Compliance, Complicity and Criminal Behavior
This is a true telling of a Saturday night spectacle that started with a car chase. Buckle up.
So these two peacekeepers are riding in a patrol car when this gray pickup pulls out in front of them. It’s dusk, but the officer sees a violation as plain as the light of day. He turns on his blue lights. His siren. The truck just speeds ahead.
Two miles later, the driver ditches the pickup and runs into some woods. One peacekeeper pursues him on foot, while the other cuts the truck’s ignition and tells the passenger riding shotgun to stay put. The passenger (we’ll call him Compliance) stays put.
Running hard, Criminal Behavior (we’ll shorten that to C.B.) leads the officer on a merry chase. C.B. is long and lean, and he’s making strides. He’s also apparently in familiar territory. There’s a ring of residences along the rural road where he dismounted, and C.B. knows his way around those yards like nobody’s business. He must know the homeowners, too. They and a crowd of some 50 others (we’ll call them Complicity) have moved away from their charcoal grills to cheer him on.
The officer, breathing hard, catches a glimpse around the corner and keeps running. They end up in a patch of trees, with C.B. laying low in some hedges and the officer telling him not to move. (Remember, darkness is falling. We don’t know what C.B. has in hands or his pockets. Or on his mind.)
“Stop. Don’t move! You’re about to get tased!”
C.B. jumps up and starts moving away, and the officer does as promised. Two-shirts worth of layers, however, work against the Taser. C.B. groans and rips the barbs out of the fabric.
A young woman comes up and starts screaming in the officer’s ear: “Leave him alone! He ain’t done nothing wrong!” She tells C.B. to run.
Next comes the pepper spray, but C.B. won’t stop trying to get away. Running again, the officer falls on some concrete and hits hard. So does his radio, and the channel somehow gets changed. But the officer is oblivious to all that, because he’s in the zone. He loops around a house where a tall man offers some help, telling him C.B. ran that way, across the highway.
“Blue jeans and white shirt, right?”
The officer takes off but hears his fellow peacekeeper calling him back, shouting for him to come back. He turns around and sees the officer pointing. Ah, he gets it now: “That son of a gun just lied to me.”
Someone in the crowd has just lied to the other officer, too, waving him off toward the woods, but the aiding and abetting doesn’t work out as planned. C.B. is crouched down by a grill, thinking the officers don’t see him. But they do.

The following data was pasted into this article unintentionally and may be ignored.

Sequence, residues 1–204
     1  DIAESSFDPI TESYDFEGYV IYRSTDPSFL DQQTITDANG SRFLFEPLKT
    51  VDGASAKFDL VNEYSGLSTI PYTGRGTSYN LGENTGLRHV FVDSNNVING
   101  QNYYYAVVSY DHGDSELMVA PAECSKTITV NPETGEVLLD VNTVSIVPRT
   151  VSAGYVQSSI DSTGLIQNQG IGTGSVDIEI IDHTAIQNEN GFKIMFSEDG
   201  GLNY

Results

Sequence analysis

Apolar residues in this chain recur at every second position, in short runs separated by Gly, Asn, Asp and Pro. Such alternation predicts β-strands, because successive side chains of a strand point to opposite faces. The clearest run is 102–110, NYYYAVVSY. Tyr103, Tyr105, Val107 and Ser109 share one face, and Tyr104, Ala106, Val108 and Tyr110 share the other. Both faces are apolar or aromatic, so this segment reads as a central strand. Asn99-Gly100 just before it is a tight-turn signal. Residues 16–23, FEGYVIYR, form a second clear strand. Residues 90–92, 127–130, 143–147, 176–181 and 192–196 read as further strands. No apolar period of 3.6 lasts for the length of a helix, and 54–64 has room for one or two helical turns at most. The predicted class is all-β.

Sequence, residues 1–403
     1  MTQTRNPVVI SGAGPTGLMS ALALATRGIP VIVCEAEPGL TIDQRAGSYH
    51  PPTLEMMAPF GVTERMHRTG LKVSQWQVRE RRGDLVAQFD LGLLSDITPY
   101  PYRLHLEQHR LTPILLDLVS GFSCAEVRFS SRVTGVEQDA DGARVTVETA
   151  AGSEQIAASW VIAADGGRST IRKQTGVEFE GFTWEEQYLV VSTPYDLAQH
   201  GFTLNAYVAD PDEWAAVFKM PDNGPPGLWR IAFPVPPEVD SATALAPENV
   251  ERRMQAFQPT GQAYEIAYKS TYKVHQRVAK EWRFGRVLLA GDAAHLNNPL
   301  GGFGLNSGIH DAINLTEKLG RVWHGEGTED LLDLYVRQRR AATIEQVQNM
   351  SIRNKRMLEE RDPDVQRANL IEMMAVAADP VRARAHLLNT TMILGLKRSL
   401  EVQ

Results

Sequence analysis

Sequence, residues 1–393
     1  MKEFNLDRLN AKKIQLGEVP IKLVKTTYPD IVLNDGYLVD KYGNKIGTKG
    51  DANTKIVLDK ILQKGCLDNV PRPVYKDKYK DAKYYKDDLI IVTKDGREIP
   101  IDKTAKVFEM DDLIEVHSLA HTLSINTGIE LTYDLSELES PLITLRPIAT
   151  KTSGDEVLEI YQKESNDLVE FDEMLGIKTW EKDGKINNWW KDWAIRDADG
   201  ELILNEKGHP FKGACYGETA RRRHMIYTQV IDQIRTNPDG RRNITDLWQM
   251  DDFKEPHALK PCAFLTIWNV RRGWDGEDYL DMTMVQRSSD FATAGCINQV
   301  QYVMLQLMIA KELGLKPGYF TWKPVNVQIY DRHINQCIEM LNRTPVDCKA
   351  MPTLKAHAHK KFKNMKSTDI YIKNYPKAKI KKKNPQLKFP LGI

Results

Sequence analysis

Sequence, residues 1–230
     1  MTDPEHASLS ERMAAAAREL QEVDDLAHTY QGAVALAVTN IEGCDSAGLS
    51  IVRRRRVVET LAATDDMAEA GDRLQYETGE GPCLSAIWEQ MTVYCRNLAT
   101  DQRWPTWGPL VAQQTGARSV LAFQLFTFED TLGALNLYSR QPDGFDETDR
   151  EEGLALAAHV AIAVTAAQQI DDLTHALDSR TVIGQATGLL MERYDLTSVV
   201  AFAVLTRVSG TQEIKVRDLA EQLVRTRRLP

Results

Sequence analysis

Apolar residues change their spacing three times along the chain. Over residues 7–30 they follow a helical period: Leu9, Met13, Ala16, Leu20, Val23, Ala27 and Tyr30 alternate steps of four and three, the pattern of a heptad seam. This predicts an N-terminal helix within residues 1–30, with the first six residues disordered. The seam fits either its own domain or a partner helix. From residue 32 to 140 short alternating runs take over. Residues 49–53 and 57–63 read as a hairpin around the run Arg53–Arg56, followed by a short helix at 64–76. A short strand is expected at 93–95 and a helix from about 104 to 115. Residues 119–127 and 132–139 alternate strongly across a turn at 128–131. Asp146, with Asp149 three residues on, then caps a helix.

And they know they have him now.
What they don’t know is what’s happening back in the radio room. Remember when that channel got changed? Well, the silence sends the dispatcher reeling.
“Are you 66 (ok)?”
“Are you 66?”
It’s a good three minutes before the officer realizes what’s happened and responds.
The sheriff is on his way now, as well as a passel of deputies. But they’re not there yet. It’s just the two peacekeepers, C.B. and Complicity, who’s starting to circle around, shouting threats and obscenities.
It gets rough, getting those cuffs on. Complicity is about to riot when a voice of reason comes out on the porch: “They’ve got to take care of what they’ve got to take care of,” he says.
Help arrives, but even in cuffs, C.B. still squirms and fights. Eventually he decides to go limp for the crowd. The uniforms carry him 50 yards to the patrol car where they have to wrestle his feet inside.
That’s when the peacekeepers turn around and see (really see) Complicity for the first time. Darkness has fallen, but that’s not what makes it hard to take in. It’s the huddling and videotaping, the yelling and cursing.
(Good thing they don’t overhear two in the crowd speak of getting their AK 47s and “taking care of these cops.”)
Later, as more peacekeepers arrive, the truth comes out. Ol’ C.B. has a rap sheet worthy of his name and an outstanding warrant for his arrest. But something else is also revealed amid the sea of blue lights and radio transmissions. Throughout the whole drama, Compliance doesn’t leave the pickup or the scene, although he has ample opportunity. Even more surprising, he doesn’t remove the marijuana blunt from his shoe and throw it out the window before the officer comes back.
I would like to say this story has a happy ending, and in many ways it does. There’s a wife, listening at home on the scanner, who gets to hug her law-keeping husband later that night. At the jail, a newly-arrived guest means one fewer fugitive for the Department of Corrections to hunt down next week.
But this tale of the times carries with it a question that continues to nag and to gnaw. Who can rest easy with Complicity still at large?
Kim Henderson is a freelance writer. Contact her at firstname.lastname@example.org.